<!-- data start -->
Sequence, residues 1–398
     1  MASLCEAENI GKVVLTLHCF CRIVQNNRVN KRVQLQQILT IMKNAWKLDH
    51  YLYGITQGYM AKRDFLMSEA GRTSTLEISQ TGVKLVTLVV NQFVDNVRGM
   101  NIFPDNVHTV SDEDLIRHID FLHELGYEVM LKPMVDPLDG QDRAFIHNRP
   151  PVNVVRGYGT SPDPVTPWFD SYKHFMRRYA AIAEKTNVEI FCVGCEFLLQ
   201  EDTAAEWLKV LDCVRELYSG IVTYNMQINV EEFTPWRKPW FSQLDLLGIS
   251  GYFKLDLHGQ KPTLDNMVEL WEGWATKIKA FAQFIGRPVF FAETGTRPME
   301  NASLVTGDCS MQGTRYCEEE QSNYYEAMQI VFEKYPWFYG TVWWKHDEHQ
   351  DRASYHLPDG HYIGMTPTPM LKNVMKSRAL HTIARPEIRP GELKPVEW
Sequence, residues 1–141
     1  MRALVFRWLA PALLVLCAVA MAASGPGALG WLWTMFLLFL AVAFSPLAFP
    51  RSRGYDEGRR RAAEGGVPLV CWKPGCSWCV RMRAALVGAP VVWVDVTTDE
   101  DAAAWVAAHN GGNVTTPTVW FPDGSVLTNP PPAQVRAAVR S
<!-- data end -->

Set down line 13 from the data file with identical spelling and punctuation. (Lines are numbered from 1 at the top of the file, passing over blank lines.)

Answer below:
   101  DAAAWVAAHN GGNVTTPTVW FPDGSVLTNP PPAQVRAAVR S